Serious Eats: Drinks

What's Your Iced Coffee Method?

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[Photographs: Dennis Tang on Flickr]

I don't always agree with IsItIcedCoffeeWeather.com about whether we've hit the frosty-coffee season. As long as the sun is out (even if the wind is brisk), I'm game for a cool afternoon caffeine kick. But these days there's an entire menu of possible iced coffee brewing methods...even if you're just making yourself an iced coffee at home.

Cold Brew

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[Photo: Liz Clayton]

This popular method is often prepared in megabatches at cafes, sometimes using equipment like the Filtron or Toddy. At home, one of the easiest options is to use a French press, though of course that limits your batch size. Fill it with 1 part medium-coarsely ground coffee (about the texture of kosher salt) to 4.5 parts cold water, mix it together to saturate the grounds. And then...wait.

How long? Some recipes call for a 12-hour steep at room temperature. Alex Powar, who works in education and quality control at San Francisco's Four Barrel Coffee, says this method "takes so long to brew that the coffee has a tendency to develop oxidized and stale flavors even before it's finished brewing." His solution: "You can diminish the impact of this issue by brewing at below room temperature—say, in the refrigerator. Really low temperature brewing slows the pernicious effects of oxygen on your brew, but needs to be accounted for in your brew time (at a lower temperature, 24 hours will give you a better result than 12.)" Noted!

Lazy Cold Brew

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There are a few different companies (see Grady's, Stumptown, Gorilla, Kickstand, Secret Squirrel, and others) who sell bottled cold brew concentrate for the person who can't wait for slow infusion. (Or for that person (ahem, me) who just keeps forgetting to start a batch at night, whoops!) One warning: these high-test coffee concentrates tend to be pretty pricey!

New Orleans Style Cold Brew à la Blue Bottle

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[Photograph: Dennis Miyashiro on Flickr]

Want to make sweet, creamy, slightly nutty New Orleans style chicory-flavored cold brew like they serve at Blue Bottle? You can make a big batch with a pound of ground coffee and 1.5 ounces of chicory, steeped with 2.5 quarts of cold water in a stockpot overnight. (Filter with a fine mesh sieve lined with cheesecloth and sweeten to taste.)

More on how they make it over on the Blue Bottle site »

Japanese-Style Iced Coffee

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[Photo: Meister]

Cold brewing, according to Alex Powar, "doesn't necessarily do a great job of developing a lot of the qualities that you're paying for when you buy a bag of really top shelf coffee from a specialty roaster." The alternative: brew hot over ice. This method, says Powar, "does a great job at facilitating all of the reactions that we love about hot brewed coffee, while quickly cooling it down to around 40°F quickly enough to trap in all of those qualities before the coffee oxidizes or before it begins to break down and become bitter." By brewing hot, you'll extract the more nuanced aromatic compounds and solubles from coffee that you wouldn't get in cold brew.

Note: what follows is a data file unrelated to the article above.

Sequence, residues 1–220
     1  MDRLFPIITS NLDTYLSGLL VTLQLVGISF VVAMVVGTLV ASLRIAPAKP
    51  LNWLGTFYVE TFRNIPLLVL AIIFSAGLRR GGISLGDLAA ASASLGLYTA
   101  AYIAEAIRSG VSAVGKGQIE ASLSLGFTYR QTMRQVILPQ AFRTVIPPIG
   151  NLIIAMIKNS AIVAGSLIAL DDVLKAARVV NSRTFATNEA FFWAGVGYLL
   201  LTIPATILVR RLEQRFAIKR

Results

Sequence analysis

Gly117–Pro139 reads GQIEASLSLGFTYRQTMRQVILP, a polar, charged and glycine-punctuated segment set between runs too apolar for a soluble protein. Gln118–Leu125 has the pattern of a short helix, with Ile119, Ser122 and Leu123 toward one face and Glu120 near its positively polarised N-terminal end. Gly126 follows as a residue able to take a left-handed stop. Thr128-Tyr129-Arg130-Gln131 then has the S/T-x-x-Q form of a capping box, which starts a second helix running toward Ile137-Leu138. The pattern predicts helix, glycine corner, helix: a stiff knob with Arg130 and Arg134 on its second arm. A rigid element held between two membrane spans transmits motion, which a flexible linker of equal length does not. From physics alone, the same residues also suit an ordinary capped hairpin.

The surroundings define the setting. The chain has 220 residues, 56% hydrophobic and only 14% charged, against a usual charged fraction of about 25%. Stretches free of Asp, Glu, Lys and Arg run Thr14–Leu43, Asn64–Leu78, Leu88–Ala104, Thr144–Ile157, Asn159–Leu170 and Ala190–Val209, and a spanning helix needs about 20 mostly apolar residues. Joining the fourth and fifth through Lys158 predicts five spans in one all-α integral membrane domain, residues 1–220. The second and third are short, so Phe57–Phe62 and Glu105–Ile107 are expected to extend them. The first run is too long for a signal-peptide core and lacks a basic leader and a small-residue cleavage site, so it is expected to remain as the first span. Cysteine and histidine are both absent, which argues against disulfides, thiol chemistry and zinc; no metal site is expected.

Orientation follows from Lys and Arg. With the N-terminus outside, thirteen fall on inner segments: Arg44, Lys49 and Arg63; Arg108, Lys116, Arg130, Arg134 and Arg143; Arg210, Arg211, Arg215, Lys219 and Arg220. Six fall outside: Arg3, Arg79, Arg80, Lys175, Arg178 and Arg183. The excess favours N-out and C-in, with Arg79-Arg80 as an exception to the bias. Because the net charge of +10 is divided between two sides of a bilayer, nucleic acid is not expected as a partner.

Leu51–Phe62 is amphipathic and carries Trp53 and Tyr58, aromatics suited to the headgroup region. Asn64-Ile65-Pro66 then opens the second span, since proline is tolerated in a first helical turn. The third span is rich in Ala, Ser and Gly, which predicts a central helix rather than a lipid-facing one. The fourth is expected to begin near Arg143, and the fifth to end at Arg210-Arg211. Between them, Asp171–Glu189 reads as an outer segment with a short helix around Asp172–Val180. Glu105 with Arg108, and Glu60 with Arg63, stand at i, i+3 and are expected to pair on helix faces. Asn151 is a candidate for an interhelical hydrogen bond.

Want to try it? Our own Meister suggests making double-strength pourover coffee with hot water directly over ice using a Chemex or a Melitta-style drip cone. Get the measurements and details here »

Aeropress Over Ice

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Consistently delicious, without a fancy pouring kettle. If you already have an Aeropress (and a kitchen scale), you're ready to brew air-pressure extracted iced coffee in a jiffy. As noted above, according to Alex Powar, hot-brewing over ice is considered by "a lot of bigtime coffee folks" to be "a better way of getting the most out of a more expensive, nuanced coffee. The Aeropress," Powar continues, "permits a lot of control over brew time, which can be really advantageous when you're dealing with lower quantities of brewing water. " Get the measurements and details here »

Want to get fancy? Consider flavoring your ice cubes like North Central Regional Barista Champion Ryan Knapp of Madcap Coffee does: a little tangerine essential oil in the ice highlights citrusy flavors in the coffee.

Shakerato

It's never to early in the day to break out the cocktail shaker, especially if you're making this Italian specialty. (It's caught on across Europe, too: you can get a shakerato at coffee destinations like Tim Wendelboe in Oslo, Norway, and The Coffee Collective in Denmark.) A fresh double espresso and sweetener is shaken with ice until well-chilled, then strained into a cocktail or wine glass. Though simple syrup can help you avoid the problem of graininess, some folks believe that using a little sugar instead (say, a teaspoon) can help boost the frothy texture of the shaken beverage—just shake and shake and shake until the sugar is completely dissolved and the drink is frosty and foamy.

The shakerato needs no embellishment, if you're not a purist, you might have fun experimenting with homemade flavored simple syrups (or spiking your afternoon shakerato with liqueur or amaro.)

Other Methods?

[Photograph: Leonard John Matthews on Flickr]

In Australia, ordering an iced coffee is likely to get you a mix of espresso with ice and vanilla ice cream. That probably counts as dessert (but we won't judge if you won't.)

What's your iced coffee method of choice? Are you a cold-brewer or hot? Have you tried Aeropress over ice?

About the Author: Maggie Hoffman is the editor of Serious Eats: Drinks. She lives in San Francisco. You can follow her on Twitter @maggiejane.

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